intellectual work. The explanation of the constructs
used for the study describes the proposed conceptual
framework and presents the research hypotheses. The
research variables and research method are then
described, and the structural model is presented. The
results of the analysis are discussed, and the conclusion
contains some suggested avenues for future research.

associated it with the concept of performance, finding
that the positive impact of information systems was to
improve user or departmental performance. However,
the performance construct includes several dimensions, including system success [37,42,64]. Ein-Dor
and Segev [23], Hamilton and Chervany [34,35] and
Seddon [57] discovered that the success aspect was
particularly appropriate for research into specific
information systems.
Seddon’s respected and slightly extended version
of DeLone and McLean’s model presents IT use as an
event that necessarily precedes success [57,19]. Since
this research considers the individual impacts of IDSS
and the scientific literature considers intellectual task
success as a performance concept, the research model
will represent individual impact by intellectual task
success. Seddon [57] defined success as user satisfaction, individual and organizational impact, and
the observed consequences of system use [57].
DeLone and McLean [19], in an assessment of 180
papers, also presented user satisfaction as a significant
factor influencing the impact of decision support
systems. Based on the field of organizational behaviour, Millman and Hartwick [46] identified work
design and job satisfaction (among the observed
consequences) that Yoon and Guimaraes [70] defined
as expert systems impact on users’ jobs. These
constructs are considered to be extremely important
with regard to individual or performance impacts [45].
The model for this study, based on the model of
DeLone and McLean [19] and on research by Sanders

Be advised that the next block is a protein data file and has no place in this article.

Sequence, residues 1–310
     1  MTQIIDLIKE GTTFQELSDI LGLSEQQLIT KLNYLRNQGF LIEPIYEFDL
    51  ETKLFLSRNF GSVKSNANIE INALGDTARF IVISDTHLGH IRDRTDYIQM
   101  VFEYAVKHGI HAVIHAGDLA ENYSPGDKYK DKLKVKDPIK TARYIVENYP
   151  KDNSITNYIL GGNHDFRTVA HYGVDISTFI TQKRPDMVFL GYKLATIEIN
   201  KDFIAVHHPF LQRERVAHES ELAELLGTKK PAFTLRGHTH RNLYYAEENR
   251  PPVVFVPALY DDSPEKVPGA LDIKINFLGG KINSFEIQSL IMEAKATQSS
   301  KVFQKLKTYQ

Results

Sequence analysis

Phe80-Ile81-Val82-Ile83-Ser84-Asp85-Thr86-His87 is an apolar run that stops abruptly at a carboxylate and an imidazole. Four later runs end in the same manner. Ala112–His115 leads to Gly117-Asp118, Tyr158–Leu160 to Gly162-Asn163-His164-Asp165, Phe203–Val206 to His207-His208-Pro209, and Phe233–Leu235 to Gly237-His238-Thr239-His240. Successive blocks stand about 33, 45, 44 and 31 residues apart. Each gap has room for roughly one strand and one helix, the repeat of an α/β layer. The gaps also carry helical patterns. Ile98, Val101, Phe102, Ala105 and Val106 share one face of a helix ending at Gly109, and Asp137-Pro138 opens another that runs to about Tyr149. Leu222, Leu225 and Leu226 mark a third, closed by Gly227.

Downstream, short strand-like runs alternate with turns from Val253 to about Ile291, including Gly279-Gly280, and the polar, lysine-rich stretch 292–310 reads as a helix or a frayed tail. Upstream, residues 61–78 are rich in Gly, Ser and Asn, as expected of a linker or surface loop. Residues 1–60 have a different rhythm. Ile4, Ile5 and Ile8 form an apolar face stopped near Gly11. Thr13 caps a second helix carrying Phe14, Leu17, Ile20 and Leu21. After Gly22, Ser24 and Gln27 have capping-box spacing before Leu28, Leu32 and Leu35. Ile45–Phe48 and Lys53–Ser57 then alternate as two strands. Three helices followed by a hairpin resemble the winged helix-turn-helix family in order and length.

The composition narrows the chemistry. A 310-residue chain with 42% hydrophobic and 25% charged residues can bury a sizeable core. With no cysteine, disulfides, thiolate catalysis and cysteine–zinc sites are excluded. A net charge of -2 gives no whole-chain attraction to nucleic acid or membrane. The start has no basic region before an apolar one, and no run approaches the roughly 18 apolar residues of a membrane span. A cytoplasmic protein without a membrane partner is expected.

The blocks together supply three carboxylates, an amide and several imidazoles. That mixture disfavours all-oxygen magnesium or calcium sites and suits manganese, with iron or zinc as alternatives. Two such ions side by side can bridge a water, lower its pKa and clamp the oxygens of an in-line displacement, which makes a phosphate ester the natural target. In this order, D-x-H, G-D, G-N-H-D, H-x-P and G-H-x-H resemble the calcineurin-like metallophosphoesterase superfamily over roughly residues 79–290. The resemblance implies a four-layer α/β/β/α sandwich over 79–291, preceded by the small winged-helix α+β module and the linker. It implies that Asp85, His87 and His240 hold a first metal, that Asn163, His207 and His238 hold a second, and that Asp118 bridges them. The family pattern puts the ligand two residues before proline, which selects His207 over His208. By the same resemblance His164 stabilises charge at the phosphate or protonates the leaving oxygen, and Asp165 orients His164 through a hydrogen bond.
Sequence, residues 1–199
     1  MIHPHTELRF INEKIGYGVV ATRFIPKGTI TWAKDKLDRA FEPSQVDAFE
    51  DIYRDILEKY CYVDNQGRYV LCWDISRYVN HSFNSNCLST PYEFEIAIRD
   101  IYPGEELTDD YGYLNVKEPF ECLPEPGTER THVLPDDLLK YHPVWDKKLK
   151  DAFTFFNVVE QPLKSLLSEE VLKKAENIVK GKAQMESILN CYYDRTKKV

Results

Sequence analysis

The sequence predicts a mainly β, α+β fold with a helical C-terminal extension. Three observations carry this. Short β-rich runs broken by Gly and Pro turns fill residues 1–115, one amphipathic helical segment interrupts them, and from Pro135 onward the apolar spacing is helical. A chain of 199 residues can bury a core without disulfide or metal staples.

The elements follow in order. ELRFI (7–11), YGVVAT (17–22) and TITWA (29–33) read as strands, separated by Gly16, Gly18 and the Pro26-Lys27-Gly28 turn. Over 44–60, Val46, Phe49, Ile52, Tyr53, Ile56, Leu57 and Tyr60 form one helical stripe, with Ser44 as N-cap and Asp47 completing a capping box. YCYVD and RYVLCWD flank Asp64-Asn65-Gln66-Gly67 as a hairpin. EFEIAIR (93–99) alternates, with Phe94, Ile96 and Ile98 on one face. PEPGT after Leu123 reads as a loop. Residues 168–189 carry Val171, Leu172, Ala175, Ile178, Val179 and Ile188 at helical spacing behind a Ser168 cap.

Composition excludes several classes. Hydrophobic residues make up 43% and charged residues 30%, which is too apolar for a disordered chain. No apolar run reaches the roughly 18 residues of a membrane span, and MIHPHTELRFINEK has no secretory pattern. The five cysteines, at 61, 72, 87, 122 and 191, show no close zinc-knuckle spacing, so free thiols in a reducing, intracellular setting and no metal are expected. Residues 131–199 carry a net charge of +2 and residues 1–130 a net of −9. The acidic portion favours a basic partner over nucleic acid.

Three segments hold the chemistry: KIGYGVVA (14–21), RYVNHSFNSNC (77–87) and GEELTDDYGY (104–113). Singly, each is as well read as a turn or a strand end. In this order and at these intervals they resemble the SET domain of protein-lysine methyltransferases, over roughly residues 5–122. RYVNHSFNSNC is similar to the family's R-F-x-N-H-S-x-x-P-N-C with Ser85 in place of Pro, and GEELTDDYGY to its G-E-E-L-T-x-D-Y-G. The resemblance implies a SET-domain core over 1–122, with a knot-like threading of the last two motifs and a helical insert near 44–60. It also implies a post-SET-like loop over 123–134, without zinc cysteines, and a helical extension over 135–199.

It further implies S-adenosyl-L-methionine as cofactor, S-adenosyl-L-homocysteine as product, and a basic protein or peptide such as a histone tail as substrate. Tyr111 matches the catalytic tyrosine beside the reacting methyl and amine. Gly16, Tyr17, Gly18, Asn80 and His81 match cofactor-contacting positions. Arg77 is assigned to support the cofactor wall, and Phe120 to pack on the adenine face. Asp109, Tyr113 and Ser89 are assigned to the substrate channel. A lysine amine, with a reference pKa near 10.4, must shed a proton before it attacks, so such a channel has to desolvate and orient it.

and Courtney [55], Raymond [53], Yoon and Guimaraes [70], and Millman and Hartwick [46], including
the impacts of IDSS on intellectual workers, is
presented in Fig. 1.

2. Theoretical considerations
2.1. IDSS user satisfaction
A number of factors have been called into play
when assessing decision support systems. The models
used differ according to the analysis unit applied. The
research presented in this paper was based on the
model of DeLone and McLean [19].
Because of the goal of this research, the organizational impact of IT use will not be considered, nor will
system quality and information quality. Individual
impact is probably the most difficult concept to define
for both information systems and IDSS. DeLone and
McLean [19] and Hamilton and Chervany [34,35]

With regard to decision support system effectiveness, Udo [64] surveyed the most frequently studied
notions, namely system use and user satisfaction.
Other authors have tried to establish links between

IDSS user
satisfaction

Perceptions
of job and
work

Fig. 1. Proposed research model.

Intellectual
task
success

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595

user satisfaction and IT use [4]. DeLone and McLean
[20] specified that use and user satisfaction are closely
interrelated.
In this research, user satisfaction is analyzed using
three components: management support, user-friendliness and output data or report quality. These three
same components have also been analyzed by Sanders
and Courtney [55], Raymond [53], Guimaraes et al.
[32] and Yoon and Guimaraes [70] among others.
Gelderman [29], examining the relationship
between user satisfaction, information system use
and performance, concluded that user satisfaction is
directly related to performance. Similarly, Chen et al.
[16] showed in their research that user satisfaction is a
valid construct in a data warehouse environment.
In the same way, in the IS and DSS literature, user
satisfaction has been identified as a factor having a
significant effect on work design and job satisfaction
[46,70]. The study described in this paper will test
user satisfaction for IDSS.

review of the literature by Hauser and Hebert [36]
revealed the advantages and disadvantages of using